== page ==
Studies Do Not Show Gum Disease Causes Cardiovascular Problems

Dentists and doctors have been advising us for decades to keep our gums healthy to protect our hearts. Now it turns out that this advice may be without any solid basis.

The American Heart Association (AHA) published a scientific statement in its journal Circulation in April 2012 that disputes a direct connection between gum disease and cardiovascular disease. Although the two conditions share several risk factors - smoking, diabetes, obesity and older age - that doesn't mean gum disease (periodontal disease) in fact causes cardiovascular disease (specifically, atherosclerotic vascular disease, which includes heart attack, stroke and peripheral artery disease). Nor does it mean that taking care of your teeth will keep your heart healthy.

The scientific statement suggests instead that these conditions may develop in the same people because of overlapping risk factors.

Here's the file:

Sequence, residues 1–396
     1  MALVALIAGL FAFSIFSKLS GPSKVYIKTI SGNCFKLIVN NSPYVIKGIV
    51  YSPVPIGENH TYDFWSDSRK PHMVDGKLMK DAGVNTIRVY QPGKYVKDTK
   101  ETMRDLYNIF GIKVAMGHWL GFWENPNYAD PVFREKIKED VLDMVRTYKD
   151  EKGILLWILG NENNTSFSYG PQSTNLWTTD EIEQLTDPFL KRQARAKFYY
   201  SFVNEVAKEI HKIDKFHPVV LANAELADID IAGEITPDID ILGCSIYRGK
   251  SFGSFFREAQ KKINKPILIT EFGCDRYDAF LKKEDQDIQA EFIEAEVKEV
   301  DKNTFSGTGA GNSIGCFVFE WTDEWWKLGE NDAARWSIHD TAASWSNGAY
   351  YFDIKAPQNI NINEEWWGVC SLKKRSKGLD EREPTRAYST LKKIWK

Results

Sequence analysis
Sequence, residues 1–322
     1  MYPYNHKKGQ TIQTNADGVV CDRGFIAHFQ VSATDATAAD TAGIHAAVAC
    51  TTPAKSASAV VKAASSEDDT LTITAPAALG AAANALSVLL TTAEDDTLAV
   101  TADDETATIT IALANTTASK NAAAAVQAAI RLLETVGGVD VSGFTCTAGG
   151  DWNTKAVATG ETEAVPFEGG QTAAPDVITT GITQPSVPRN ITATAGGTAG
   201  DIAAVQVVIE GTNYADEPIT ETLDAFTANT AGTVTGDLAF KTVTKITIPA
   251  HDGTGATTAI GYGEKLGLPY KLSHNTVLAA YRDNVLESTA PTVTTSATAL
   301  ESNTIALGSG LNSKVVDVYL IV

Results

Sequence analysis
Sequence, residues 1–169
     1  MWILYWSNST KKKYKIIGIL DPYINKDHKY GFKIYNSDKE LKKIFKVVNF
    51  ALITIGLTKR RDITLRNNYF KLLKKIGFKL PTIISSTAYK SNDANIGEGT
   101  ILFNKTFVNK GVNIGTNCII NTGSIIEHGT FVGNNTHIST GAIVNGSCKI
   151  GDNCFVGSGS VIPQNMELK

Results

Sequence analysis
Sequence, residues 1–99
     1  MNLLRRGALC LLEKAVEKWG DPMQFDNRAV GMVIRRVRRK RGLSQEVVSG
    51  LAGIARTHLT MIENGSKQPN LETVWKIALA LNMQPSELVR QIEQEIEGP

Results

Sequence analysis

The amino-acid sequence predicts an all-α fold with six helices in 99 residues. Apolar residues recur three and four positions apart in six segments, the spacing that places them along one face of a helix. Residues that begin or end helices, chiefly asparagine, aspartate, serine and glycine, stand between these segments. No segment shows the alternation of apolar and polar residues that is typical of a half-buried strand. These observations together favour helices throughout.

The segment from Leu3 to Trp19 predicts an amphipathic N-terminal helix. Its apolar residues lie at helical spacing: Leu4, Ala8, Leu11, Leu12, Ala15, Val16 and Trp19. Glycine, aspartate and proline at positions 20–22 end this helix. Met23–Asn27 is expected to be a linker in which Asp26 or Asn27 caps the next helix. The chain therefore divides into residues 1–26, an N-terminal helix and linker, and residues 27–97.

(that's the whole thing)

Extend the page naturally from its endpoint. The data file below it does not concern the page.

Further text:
For their report, a team of cardiologists, dentists and infectious disease specialists reviewed more than 500 studies published between 1950 and 2011 that investigated the periodontal disease–heart condition link. A leading long-held theory has been that inflammation or infection from gum disease can spread throughout the body and affect the circulatory system. However, the researchers found that neither this theory nor several others have been truly proved because most past studies were observational studies, which establish a relationship between the two diseases but not a direct cause and effect.

The new findings, therefore, maintain there's insufficient evidence to suggest that preventing or treating gum disease prevents heart disease or stroke or modifies the course of either condition. However, the AHA hasn't completely ruled out an association between gum disease and heart disease. Even though high-level evidence supporting a direct link has yet to be established, having one of the diseases makes you more likely to develop the other.

In the meantime, keep brushing and flossing, but also focus on controlling heart disease's known risk factors

  • high blood pressure
  • high cholesterol
  • diabetes
  • excessive weight
  • tobacco use
  • lack of physical activity
  • an unhealthy diet
  • stress

Source: Prepared by the Editors of The Johns Hopkins Medical Letter: Health After 50

Publication Review By: the Editorial Staff at

Published: 10 Jul 2013

Last Modified: 18 Sep 2015